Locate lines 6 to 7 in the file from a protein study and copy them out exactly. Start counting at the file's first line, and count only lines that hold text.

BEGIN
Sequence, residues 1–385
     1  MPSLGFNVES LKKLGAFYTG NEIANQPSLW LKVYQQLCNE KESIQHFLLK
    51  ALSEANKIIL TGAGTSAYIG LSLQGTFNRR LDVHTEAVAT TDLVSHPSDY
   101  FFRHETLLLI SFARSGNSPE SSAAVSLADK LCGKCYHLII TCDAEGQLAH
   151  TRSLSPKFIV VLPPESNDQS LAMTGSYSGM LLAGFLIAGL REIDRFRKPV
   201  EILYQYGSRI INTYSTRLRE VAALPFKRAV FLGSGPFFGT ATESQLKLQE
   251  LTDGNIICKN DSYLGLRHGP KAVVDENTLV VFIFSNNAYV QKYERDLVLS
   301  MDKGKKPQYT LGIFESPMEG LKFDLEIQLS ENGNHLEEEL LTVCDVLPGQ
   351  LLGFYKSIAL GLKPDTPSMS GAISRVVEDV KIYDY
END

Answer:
   201  EILYQYGSRI INTYSTRLRE VAALPFKRAV FLGSGPFFGT ATESQLKLQE
   251  LTDGNIICKN DSYLGLRHGP KAVVDENTLV VFIFSNNAYV QKYERDLVLS